Earlier this month, Gulf Coast Sequestration (“GCS”), a limited liability company based in Lake Charles, announced its plans to build and operate a carbon capture and sequestration (“CCS”) project that will create a repository 10,000 feet underground for the permanent storage of more than 80 million tons of carbon. Once completed, the GCS facility is expected to be the largest CCS project in the United States and one of the largest in the world, according to its press release.
Continue Reading Advancement of CCS in Louisiana

On October 6, 2020, the Louisiana Supreme Court granted a writ application filed by UNOCAL in State of Louisiana, et al. v. Louisiana Land & Exploration Co., et al. This application sought review of the Louisiana Third Circuit’s decision that affirmed the Vermilion Parish School Board’s authority to sue on behalf of the state, rejected a prescription defense on the basis of prescription immunity under the Louisiana Constitution, and found that “environmental damage” as defined under Act 312 is sufficient to trigger a breach of contract claim. A detailed summary of the Third Circuit’s decision can be found here.
Continue Reading Louisiana Supreme Court Grants UNOCAL’s Writ Application from Third Circuit Decision Involving Prescription and Breach of Contract in Act 312 Case

On July 15, 2020, The Third Circuit Court of Appeals issued an opinion awarding damages for a violation of due process rights against a private pipeline company.  Bayou Bridge Pipeline, LLC v. 38.00 Acres, More or Less, Located in St. Martin Parish, et al.[1] (“Bayou Bridge”) centers around the construction of a crude oil pipeline from the Clifton Ridge terminal in Lake Charles, Louisiana to a marketing hub in St. James, Louisiana.  The 38 acres relevant to this lawsuit were in St. Martin Parish and were needed for construction of the pipeline.  While Bayou Bridge Pipeline, LLC (“BBP”) identified approximately 470 heirs to the title of the property, it began construction on the Defendant Landowners’ (“Defendants” or “Landowners”) property in June 2018 prior to receiving servitude agreements from each person having ownership interest.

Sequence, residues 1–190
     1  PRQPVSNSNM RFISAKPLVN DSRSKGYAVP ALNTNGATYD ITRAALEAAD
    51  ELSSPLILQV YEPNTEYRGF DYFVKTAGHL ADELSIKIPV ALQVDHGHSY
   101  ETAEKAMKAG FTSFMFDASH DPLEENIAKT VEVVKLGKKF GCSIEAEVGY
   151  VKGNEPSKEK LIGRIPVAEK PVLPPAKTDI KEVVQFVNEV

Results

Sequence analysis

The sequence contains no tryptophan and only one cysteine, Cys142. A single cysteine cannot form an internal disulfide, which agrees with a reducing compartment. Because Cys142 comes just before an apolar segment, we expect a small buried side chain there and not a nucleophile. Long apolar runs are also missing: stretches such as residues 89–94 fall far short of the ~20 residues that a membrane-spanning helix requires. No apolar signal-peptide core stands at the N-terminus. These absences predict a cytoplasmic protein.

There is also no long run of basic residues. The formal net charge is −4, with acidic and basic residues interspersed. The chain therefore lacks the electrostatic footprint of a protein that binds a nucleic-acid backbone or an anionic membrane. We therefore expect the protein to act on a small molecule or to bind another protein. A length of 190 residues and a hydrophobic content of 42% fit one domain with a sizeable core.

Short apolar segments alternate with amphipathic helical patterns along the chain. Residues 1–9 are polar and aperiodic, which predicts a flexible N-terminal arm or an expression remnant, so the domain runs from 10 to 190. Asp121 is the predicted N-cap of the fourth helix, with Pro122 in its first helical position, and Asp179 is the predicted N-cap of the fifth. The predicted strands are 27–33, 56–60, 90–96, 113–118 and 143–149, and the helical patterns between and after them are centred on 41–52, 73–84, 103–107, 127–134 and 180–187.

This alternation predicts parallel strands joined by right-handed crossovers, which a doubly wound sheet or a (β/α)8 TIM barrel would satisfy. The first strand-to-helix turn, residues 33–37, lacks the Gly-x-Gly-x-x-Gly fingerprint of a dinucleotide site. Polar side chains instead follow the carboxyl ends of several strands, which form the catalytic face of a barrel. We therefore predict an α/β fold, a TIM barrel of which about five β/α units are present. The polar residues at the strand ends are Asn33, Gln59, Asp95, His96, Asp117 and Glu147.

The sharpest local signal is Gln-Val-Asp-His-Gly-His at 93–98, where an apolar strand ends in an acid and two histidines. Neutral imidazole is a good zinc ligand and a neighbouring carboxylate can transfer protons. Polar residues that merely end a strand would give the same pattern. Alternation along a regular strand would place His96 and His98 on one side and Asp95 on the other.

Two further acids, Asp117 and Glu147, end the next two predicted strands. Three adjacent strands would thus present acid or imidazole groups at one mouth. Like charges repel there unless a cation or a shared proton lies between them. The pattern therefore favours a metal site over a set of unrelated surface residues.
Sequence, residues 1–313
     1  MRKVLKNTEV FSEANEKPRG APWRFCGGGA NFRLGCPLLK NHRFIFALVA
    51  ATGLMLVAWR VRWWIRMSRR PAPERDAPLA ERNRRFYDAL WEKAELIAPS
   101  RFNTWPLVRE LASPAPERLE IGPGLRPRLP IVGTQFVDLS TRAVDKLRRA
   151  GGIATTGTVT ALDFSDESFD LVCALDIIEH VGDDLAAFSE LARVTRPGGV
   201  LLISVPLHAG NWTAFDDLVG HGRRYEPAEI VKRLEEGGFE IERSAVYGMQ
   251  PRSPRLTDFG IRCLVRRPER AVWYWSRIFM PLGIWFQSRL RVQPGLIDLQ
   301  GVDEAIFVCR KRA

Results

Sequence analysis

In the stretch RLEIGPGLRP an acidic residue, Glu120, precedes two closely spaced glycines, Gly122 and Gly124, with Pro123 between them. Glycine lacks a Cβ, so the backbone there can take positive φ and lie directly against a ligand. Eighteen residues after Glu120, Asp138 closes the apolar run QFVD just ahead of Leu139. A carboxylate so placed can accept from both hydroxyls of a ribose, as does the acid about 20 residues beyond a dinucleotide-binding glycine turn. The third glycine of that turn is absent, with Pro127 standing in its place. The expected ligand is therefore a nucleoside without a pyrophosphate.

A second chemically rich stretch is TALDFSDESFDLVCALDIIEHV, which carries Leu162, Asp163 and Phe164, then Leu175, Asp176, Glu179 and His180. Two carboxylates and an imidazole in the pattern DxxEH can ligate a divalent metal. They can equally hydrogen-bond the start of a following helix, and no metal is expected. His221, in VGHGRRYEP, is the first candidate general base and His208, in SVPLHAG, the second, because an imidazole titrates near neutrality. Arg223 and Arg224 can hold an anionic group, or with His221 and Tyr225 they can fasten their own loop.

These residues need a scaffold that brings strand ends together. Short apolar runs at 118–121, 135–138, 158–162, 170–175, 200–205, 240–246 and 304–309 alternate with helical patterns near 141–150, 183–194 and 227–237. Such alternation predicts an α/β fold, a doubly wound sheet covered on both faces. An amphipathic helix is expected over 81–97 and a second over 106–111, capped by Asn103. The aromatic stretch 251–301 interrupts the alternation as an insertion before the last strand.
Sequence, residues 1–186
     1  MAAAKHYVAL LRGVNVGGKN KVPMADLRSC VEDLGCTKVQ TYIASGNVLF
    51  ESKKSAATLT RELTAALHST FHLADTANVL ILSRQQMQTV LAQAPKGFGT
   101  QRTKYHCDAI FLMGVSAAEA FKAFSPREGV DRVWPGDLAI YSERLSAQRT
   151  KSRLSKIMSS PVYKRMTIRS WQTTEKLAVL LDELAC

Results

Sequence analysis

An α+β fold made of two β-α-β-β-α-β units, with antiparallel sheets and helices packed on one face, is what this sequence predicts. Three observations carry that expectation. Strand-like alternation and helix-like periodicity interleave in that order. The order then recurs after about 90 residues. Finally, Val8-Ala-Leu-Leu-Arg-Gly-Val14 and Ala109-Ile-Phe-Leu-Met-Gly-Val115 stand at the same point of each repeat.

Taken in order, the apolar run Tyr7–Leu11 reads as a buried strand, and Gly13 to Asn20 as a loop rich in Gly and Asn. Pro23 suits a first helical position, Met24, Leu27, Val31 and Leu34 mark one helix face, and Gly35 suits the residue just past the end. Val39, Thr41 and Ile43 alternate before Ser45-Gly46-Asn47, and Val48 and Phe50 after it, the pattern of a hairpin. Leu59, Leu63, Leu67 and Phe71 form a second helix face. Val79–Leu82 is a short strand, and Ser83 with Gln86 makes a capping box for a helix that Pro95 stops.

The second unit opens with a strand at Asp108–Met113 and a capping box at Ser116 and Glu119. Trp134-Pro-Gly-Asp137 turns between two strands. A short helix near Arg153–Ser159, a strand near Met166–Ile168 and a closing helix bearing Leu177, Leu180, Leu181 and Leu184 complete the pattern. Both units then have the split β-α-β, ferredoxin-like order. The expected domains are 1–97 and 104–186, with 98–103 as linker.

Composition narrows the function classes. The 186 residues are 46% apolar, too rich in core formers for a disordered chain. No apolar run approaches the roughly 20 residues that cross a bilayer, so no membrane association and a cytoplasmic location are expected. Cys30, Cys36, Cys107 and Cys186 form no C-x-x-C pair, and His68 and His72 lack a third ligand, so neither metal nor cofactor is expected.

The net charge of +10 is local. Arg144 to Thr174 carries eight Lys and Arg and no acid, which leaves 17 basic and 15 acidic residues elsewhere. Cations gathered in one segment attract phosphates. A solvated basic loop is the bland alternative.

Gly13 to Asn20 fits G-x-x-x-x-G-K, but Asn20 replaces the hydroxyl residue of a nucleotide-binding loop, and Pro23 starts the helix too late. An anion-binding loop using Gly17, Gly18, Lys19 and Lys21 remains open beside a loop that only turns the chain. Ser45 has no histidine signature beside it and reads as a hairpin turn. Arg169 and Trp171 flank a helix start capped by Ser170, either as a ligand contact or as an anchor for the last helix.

Continue Reading Louisiana Third Circuit Decision Imposes Damages for Due Process Violation on Private Company

Commercial Lease Considerations in the Wake of Hurricane Laura

Following disasters such as Hurricane Laura, business owners have a variety of concerns when beginning the recovery process. Chief among those concerns: what to do when your place of business has been damaged or destroyed? If you lease your place of business, or if you lease out land or buildings to other people for their businesses, this concern becomes especially important when you consider the different parties with a potential interest in the recovery—the lessor (landlord), the lessor’s insurer, the lessor’s lender, the lessee (tenant), the lessee’s insurer, and the lessee’s lender. Being familiar with your lease agreement is the key to understanding the extent of your rights and responsibilities, especially as they pertain to repair obligations, obligations regarding the payment or reimbursement of insurance deductibles, insurance recovery, and rights to termination and reduction (abatement) of rent. As an initial matter, the first question you should ask yourself is: What kind of lease agreement do I have?
Continue Reading Commercial Lease Considerations in the Wake of Hurricane Laura